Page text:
An example

Recently, a partner of mine carried out an A/B test on their site navigation. This was done with the thought in mind that often, when given too many choices, people don’t choose at all and simply leave. This was proven in the ‘jam test’, which if you’re not familiar with, you can check it out here.

When it comes to navigation, even the smallest of tweaks can and will have far reaching results. The menu is generally the first place that we look when we arrive on a site as we’re looking to get where we want to go immediately.

This is something that’s discussed widely in UX (user experience) design. Not only should navigation signals be positioned in the area that the user expects, but it should also make use of color and text in order to ensure that it gives the best experience. Something as small as changing the button text to something ‘friendlier’ can have an effect, as found by this test in which an alteration garnered a 47.7% rise in clicks – certainly not to be sniffed at.

In Power Admin’s case, the existing navigation included a whole lot of textual links, as you can see from the image below.

 

PA1

In this design, there’s a lot of text, which could prove too much choice for site visitors, consequently prompting them to leave. With this in mind, the guys decided to change the menu and carry out A/B testing to see if it made any difference to conversions.

 

PA2

So the new menu looks much cleaner and of course, there is a lot less in the way of choice. OK, there are still drop down menus, but this is something that can be addressed if the test proved successful if necessary, or of course a further split test can be carried out.

 

The Results

After test running for a month and a half, it was found that out of more than 10,000 visits, the site gained 12.3% more conversions from those who were presented with the single line menu. This is despite the fact that the new page actually received fewer visits than the old page.

This translates into around 70-80 more conversions each month – also not a number to be sniffed at. Let’s face it, most of us would be happy enough with improving our conversion rate by that much in each month.

 

control-vs-new-menu-conversion-rates-newchart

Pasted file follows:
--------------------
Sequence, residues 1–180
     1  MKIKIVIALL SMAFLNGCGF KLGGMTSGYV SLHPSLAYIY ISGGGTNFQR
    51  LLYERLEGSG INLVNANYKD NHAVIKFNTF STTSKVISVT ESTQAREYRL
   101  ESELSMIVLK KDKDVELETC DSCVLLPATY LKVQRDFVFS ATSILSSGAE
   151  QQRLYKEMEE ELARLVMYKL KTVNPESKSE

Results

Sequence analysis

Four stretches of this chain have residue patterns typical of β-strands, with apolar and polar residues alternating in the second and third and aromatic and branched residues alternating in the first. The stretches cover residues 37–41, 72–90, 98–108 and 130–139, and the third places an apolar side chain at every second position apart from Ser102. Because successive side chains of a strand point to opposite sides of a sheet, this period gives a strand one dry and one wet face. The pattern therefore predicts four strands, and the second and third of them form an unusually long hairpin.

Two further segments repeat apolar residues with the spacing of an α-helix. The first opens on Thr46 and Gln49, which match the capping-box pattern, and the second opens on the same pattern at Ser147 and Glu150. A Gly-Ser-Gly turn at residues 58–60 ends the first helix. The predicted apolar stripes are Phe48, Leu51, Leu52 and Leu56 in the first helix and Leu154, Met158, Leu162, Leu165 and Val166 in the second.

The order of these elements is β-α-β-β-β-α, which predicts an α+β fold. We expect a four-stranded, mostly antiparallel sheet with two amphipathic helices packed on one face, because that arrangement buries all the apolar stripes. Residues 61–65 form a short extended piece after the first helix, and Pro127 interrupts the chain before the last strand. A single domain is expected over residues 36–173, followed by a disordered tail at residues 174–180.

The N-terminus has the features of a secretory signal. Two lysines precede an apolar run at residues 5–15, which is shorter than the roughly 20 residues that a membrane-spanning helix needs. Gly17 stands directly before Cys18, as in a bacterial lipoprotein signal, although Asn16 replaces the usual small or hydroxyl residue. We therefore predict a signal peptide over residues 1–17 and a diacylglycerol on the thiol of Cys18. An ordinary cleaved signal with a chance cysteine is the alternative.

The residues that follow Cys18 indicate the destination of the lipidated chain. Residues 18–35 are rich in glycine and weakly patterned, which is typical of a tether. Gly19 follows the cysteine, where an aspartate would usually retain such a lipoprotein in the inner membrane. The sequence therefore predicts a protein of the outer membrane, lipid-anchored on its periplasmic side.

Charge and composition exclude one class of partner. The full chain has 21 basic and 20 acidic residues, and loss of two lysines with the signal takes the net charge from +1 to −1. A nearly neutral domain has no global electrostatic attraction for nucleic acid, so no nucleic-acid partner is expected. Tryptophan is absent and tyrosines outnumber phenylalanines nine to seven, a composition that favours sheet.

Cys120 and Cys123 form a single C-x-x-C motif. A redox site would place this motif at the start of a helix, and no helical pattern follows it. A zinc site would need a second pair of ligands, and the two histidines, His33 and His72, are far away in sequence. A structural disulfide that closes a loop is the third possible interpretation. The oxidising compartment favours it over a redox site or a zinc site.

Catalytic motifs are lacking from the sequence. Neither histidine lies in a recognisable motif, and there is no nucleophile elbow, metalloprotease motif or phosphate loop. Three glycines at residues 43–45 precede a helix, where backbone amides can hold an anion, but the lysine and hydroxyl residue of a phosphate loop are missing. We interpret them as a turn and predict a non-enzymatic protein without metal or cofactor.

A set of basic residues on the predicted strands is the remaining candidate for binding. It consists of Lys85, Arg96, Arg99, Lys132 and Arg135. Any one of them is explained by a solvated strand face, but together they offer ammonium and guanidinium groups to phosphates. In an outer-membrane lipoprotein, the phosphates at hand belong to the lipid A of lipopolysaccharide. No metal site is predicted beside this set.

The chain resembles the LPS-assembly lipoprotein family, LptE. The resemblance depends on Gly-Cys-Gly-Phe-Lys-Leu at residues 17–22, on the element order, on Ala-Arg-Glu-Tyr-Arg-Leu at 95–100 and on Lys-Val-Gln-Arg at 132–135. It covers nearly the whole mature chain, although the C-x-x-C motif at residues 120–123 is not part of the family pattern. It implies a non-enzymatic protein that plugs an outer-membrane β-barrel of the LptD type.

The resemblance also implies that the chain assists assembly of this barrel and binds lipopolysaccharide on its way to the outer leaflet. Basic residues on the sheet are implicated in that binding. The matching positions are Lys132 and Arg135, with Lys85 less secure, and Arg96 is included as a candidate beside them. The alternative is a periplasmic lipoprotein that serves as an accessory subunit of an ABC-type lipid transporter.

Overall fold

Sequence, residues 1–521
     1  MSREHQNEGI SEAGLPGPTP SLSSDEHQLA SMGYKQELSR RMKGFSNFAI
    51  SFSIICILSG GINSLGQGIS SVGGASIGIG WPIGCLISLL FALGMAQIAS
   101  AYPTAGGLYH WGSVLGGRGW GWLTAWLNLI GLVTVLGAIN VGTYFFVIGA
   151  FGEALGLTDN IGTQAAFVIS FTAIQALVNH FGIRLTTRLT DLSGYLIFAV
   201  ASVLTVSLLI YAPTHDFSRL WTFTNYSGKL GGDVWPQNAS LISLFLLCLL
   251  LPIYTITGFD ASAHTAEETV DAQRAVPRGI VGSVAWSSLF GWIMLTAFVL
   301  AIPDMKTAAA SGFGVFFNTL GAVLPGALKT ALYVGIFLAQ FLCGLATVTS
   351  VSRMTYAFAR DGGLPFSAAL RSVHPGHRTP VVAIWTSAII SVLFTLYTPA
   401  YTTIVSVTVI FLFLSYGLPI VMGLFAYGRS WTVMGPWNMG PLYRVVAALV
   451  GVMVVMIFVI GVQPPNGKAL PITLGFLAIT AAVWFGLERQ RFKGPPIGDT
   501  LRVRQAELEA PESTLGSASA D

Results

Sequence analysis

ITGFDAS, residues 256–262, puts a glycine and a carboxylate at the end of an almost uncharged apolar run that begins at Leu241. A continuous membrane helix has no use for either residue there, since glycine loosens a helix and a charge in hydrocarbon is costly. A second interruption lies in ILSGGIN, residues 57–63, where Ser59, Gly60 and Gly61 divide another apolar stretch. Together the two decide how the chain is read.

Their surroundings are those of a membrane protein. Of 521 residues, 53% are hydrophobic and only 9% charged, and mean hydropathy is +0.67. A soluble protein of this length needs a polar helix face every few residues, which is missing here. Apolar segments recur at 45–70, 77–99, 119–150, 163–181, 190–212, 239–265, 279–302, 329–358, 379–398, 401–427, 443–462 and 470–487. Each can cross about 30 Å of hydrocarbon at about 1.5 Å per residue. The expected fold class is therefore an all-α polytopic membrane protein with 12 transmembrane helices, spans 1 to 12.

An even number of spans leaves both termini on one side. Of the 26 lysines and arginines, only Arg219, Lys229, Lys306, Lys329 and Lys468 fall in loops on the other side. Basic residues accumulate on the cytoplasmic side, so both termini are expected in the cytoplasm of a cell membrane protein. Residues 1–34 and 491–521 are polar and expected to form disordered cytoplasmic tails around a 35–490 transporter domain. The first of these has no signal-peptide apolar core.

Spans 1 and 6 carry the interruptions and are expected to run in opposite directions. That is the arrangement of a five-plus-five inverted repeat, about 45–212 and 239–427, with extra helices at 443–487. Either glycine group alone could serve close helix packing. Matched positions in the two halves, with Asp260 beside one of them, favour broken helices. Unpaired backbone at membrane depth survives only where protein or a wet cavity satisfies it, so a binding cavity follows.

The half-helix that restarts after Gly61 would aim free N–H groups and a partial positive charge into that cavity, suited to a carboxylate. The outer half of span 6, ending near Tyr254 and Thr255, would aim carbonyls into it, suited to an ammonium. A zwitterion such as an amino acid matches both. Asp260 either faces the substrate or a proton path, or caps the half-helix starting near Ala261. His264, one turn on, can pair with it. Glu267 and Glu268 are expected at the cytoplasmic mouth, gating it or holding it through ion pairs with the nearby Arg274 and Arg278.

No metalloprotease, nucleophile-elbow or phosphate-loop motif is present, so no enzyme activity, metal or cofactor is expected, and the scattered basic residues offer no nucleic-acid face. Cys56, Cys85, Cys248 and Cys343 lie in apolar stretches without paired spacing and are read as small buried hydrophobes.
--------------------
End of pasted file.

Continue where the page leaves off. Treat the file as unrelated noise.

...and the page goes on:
These results are encouraging and demonstrate very well how one element on a page can make all of the difference to your site and more importantly, your business. Whilst many people are quite daunted by running a split test, this illustrates how even the simplest thing can be altered and measured in order to deliver actionable results.

Further to that, it’s also an excellent example of keeping it simple, which is one of the most important aspects of testing. Too many people think that since they’re going to the trouble of setting up a test, they may as well test everything in sight – don’t do it folks.

 

Next steps – Your A/B test

Hopefully now you’ve realised that A/B testing isn’t quite the chore that it may have seemed to be. In fact it’s a very useful process and one that can pay big dividends. Knowing your audience, its behaviors, and the way that it relates to your business is incredibly important.

Make sure that you’re testing the control at every point and that you know exactly what your metric for success is before beginning. If you get lost or stuck there’s a very detailed, long, and considered article from Paras Chopra of Smashing Magazine. It’s worth a read and should answer any burning questions you have and perhaps even ones you’ve yet to ask. GetResponse has also prepared a great guide to A/B testing.

A/B testing can have marked benefits for a business and its infrastructures. Determine what you want to test then give it a go. Your audience knows what it wants so give them a choice and remember to listen and act on their opinions.

 

  • Daniel

    That’s a very good introduction to A/B test ! Added to bookmarks and shared.
    Thanks a lot for the quality of your posts.

  • http://markitwrite.com/ Kerry Butters

    Thanks for reading and sharing Daniel, much appreciated :)